AI in logistics has undergone significant transformation over the years. With many companies in supply chain and logistics undergoing a digital transformation, the influence of new technology is accelerating at considerable speed. In order to remain successful and maintain a competitive advantage in the field, companies know that it’s essential to leverage AI and Big Data into day-to-day operations.
Although new, AI-driven concepts are being introduced, they aren’t new to the logistics sector. In fact, trucking, rail and ocean freight have been tracked by satellite through telematics for decades. However, the data hasn’t previously been utilised to its full capacity until recently. Elements of AI are now regularly used for predictive analytics in relation to intelligent transportation and route planning, demand planning and others. Some warehouse operations are also being integrated with augmented guidance and robotic systems to scale inventory management.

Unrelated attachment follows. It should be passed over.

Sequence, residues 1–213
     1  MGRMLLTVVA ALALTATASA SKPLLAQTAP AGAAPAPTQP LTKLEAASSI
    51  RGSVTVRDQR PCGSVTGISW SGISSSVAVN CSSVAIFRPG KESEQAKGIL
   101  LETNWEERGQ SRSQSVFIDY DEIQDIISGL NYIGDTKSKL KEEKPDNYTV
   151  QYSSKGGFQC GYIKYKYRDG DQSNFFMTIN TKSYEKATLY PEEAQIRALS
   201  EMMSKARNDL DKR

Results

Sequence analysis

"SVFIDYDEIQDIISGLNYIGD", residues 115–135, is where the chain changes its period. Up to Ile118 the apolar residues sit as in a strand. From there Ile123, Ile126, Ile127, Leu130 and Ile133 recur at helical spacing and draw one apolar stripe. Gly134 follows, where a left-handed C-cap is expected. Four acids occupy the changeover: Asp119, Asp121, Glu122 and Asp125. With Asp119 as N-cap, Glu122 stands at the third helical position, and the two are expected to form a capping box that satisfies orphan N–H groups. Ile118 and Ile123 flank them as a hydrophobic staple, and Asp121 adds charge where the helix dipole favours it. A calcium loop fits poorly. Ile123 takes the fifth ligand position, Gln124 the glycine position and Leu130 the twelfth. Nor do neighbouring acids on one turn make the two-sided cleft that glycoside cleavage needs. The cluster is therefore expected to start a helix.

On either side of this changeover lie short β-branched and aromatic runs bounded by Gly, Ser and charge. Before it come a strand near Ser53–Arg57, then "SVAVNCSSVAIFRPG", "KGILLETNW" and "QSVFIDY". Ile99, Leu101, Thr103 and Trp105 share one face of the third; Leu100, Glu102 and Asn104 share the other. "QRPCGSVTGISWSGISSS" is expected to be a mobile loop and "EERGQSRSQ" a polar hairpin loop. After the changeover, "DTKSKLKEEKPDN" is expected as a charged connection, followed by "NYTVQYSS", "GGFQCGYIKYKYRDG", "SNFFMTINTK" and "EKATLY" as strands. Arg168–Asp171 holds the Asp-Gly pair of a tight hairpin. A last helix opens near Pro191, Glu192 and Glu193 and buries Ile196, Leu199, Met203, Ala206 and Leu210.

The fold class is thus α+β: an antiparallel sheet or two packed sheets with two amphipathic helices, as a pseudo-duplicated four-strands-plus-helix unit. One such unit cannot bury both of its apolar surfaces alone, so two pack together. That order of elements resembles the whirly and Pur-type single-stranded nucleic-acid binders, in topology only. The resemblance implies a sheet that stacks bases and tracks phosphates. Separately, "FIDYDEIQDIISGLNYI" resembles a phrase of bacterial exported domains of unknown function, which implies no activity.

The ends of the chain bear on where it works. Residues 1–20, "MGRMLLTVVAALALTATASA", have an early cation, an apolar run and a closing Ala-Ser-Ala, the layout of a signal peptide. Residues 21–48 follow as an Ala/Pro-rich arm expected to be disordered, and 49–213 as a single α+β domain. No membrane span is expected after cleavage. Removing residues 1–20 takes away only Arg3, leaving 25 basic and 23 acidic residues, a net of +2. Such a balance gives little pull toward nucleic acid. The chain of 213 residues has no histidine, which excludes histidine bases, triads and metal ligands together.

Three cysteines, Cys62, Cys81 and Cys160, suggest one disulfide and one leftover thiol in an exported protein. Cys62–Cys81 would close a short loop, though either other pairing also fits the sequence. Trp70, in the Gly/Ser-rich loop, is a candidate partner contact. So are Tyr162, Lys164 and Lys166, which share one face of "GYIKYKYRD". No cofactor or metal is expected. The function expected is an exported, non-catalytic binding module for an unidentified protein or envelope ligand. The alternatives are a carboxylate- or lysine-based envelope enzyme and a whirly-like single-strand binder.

The existence of easily accessible data isn’t new, but the way it’s used is changing. Despite AI being able to exist on a smaller scale without increasing volume, velocity or variety, new types of data have emerged during the past few years, and there has been a considerable rise in the speed of how data is created and changes. Now, Big Data ensures that collected information can be leveraged in actionable ways. Introducing all the data from the supply chain, analysing it, identifying patterns and providing insight to every link of the supply chain is seen as vital steps forward.
Vijay Raja, Director, Industry & Solutions Marketing at Cloudera, believes that everything at all stages of the logistics chain revolves around data. “A critical capability required to enhance process performance is mastering the Big Data management lifecycle,” says Raja. “Companies need to be able to ingest and process their data across diverse sources, including external data sets such as weather, geopolitical implications, local event calendars or social commentary data.”